Making Small Firms Work: Policy Dimensions and the Scottish Context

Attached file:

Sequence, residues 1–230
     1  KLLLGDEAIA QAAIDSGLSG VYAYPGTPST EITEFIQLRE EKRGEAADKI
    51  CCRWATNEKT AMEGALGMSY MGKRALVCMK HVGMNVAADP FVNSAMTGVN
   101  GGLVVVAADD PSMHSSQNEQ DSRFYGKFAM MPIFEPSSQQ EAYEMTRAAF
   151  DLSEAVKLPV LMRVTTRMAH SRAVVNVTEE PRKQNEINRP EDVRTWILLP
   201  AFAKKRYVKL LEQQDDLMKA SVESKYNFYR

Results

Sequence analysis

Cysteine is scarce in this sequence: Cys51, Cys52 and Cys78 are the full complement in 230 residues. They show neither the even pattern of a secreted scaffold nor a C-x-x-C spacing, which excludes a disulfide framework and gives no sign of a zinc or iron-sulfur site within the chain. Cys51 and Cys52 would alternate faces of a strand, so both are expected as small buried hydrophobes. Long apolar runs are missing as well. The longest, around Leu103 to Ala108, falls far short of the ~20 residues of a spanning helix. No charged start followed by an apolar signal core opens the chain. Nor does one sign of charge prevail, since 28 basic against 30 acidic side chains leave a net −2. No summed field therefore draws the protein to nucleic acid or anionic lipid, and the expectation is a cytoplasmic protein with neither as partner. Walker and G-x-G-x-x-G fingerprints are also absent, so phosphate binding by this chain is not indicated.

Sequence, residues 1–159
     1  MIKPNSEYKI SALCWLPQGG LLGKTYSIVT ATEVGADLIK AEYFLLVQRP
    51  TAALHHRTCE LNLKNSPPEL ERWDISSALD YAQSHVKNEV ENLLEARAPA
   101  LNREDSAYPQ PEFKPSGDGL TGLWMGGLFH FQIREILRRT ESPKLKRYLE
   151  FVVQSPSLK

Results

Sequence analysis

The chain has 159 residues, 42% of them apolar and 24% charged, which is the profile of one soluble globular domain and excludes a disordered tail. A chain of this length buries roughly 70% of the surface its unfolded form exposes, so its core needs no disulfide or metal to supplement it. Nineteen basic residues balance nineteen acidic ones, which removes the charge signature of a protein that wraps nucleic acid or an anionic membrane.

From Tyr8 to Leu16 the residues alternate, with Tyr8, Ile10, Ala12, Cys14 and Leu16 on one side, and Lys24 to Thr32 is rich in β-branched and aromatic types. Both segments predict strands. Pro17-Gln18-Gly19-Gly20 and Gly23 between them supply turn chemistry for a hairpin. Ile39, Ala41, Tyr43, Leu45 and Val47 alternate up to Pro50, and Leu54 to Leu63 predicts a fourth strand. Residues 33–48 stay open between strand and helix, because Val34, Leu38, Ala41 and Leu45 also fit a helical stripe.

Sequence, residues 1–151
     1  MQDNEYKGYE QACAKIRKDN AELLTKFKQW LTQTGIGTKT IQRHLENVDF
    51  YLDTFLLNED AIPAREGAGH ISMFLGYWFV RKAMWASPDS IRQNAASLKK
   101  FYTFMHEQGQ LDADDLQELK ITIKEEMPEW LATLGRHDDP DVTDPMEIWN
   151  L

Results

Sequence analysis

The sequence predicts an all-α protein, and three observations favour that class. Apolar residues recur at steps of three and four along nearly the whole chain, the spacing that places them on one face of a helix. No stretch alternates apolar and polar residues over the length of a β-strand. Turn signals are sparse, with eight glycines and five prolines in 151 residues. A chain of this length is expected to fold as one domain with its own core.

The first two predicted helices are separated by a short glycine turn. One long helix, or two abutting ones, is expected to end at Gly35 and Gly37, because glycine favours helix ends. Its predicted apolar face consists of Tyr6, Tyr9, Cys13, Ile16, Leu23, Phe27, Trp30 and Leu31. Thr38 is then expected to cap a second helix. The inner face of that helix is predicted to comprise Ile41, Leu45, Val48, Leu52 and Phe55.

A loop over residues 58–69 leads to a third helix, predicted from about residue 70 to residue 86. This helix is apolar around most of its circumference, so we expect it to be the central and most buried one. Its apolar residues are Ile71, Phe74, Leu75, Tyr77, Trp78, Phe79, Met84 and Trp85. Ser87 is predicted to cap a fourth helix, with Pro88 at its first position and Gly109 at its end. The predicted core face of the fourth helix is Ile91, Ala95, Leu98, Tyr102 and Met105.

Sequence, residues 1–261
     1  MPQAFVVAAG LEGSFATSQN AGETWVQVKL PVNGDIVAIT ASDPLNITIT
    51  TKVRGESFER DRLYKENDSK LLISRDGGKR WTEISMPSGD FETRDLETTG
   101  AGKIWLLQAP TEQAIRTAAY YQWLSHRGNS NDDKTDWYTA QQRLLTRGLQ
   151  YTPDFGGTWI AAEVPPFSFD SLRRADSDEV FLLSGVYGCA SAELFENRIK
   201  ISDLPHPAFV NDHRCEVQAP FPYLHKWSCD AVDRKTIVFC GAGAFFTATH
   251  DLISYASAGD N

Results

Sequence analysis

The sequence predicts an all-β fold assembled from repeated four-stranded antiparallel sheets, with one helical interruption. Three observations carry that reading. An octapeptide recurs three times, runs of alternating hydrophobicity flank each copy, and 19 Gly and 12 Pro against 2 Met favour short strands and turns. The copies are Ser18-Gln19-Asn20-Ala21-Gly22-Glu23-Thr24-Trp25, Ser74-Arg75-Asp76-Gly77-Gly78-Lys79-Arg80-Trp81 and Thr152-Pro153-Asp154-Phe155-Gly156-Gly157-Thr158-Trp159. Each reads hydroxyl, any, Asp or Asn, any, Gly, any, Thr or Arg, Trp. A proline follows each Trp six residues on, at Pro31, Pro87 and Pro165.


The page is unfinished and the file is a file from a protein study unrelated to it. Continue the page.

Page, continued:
The basic framework of the discussion revolves around two samples of Scottish small firms for the periods 1985-88 and 1994-97. It is shown that both samples were drawn during similar (prosperous) phases of the macroeconomic cycle. Further evidence is advanced which indicates that grant and subsidy regimes have not been major determinants of survival and performance. However, the performance of small firms is shown to be better for the second sample period, compared to the first. If macroeconomic effects are neutral, and grant/subsidy regimes are insignificant, then reasons for performance differences, it is argued, must lie elsewhere. A plausible source of this is the insititutional framework. To this end, the evolution of institutional design for stimulating enterprises is documented and dated, and it is shown that the two sample periods fell within two distinct policy regimes. The first involved sectoral indicative planning, under the umbrella of the Scottish Development Agency (SDA), up until 1988. The second involving decentralised enterprise stimulation, under Scottish Enterprise (SE) from 1988 onwards. It is therefore suggested that at least part of the superior performance of small firms in the second sample period may be attributable to the new institutional framework, especially as modified by The Business Birth Rate Strategy.
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